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How to create a better culture by cutting ties


Culture. It’s a buzzword that we hear all the time, and yet it means something different to everyone. The talking heads in business spend countless hours telling you about how new ideas, new products, new this, new that will improve your company culture.

Do this, be that, hire a Chief Empathy Officer. Buy a cappuccino machine. Go tour Google. Plant trees. Blah, blah, blah. Of course, some of it has merit, but sometimes you can create culture by letting something go rather than taking on something new.

Let me share with you a couple of examples of this that I have observed recently.

Story 1: Removal of an employee

I have a friend, Ted, who runs a traditional B2B sales organization with about 50 staff members. Ted has been around long enough to have an employee who was considered part of the family. The guy had worked with Ted for almost 25 years. But over the past few years, the employee had grown distant and disruptive. For two years Ted kept track of complaints that he received from both other staff members and customers. He documented the complaints and tried to work with the employee. After all, they were “like family.” Still, Ted had to finally let the employee go after 25 years of service.

Ted called me shortly after his toxic employee’s last day on the job. His voice articulated guilt and sorrow for what he had done. Anyone who has been in business long enough knows tough decisions go with the territory, but what Ted was feeling after firing a long-time staffer was the toughest side of doing business.

Three months went by and Ted and I got together for a drink after work. Ted’s mood had taken a 180-degree turn.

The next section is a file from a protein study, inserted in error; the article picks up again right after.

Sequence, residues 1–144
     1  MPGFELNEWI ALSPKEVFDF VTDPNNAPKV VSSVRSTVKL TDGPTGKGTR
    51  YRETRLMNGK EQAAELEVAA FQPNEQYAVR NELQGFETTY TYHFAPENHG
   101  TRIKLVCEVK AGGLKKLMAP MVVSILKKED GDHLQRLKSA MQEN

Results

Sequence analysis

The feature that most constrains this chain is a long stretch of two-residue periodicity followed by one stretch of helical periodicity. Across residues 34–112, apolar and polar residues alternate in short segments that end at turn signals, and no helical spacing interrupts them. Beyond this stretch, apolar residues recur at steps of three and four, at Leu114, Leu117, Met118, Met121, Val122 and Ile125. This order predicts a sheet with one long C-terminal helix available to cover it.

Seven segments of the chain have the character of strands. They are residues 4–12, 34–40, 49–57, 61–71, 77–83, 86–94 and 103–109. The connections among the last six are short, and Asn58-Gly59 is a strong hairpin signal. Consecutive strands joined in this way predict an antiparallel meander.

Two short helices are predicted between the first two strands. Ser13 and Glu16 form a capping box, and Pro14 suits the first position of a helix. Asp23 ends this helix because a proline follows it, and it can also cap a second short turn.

“My team is really gelling,” he told me. “People are picking up slack in different ways than ever before. I left the office and six people were wrapping up quotes and then headed to grab dinner together. That never happened when the crabby employee brought everyone’s mood down.”

Ted then told me about all of the things he had added to his organization in hopes of improving the culture. Training, team-building activities, a break room remodel, the list when on.

“It turns out that even though I thought I needed to improve culture by adding all these things, what I really needed to do was to remove the person who didn’t want to be a part of it.” This quote hit me hard, and reminded me to stop adding and to do an audit on what should be removed.

Story 2: Removal of a client

Recently I was presented with a project opportunity with a prospect that my company has wanted to do business with for a long time. The project was a nice piece of business for us, but the big upside was the possibility of a longterm agreement with this prestigious company. The project went well and the scope of work was dramatically expanded. Unfortunately, we experienced some requests and issues in working together that negatively impacted our company’s culture.

Before agreeing to the new terms of work with this client, I made the very challenging decision to send over a pointed list on how our company would work with this client moving forward.

“Here is what we will do/accept.”

“Here is what we will not do/accept.”

This document was extremely reasonable in my mind, but I had no way of knowing for sure how it would be interpreted at the client’s office.

Honestly, I probably killed the opportunity of us working further with the client, and that’s ok. My people and the culture we created here are more valuable than a good chunk of money from the wrong client.

We’re not a huge company and my accountant would probably kill me if he knew the amount of gross margin dollars this decision might leave on the table. On the other hand, how am I supposed to maintain and grow the great culture we’ve created by putting our team in front of the wrong clients?

My point in telling you this is that sometimes the decisions we make to preserve or improve our culture hurts the pocketbook. Although tough to swallow, turning away this business is an investment in my team.

Ted and I aren’t the only ones to discover that sometimes improving company culture comes down to an addition- by-subtraction equation. Ted, I’m sure, will miss his long-time employee with whom he talked football for over two decades. Selfishly, I will miss the business revenue that the mismatched client would have brought to our company. But with that said, an uptick in culture can happen in your organization by simply removing the blockade, and getting what’s holding you back out of the way.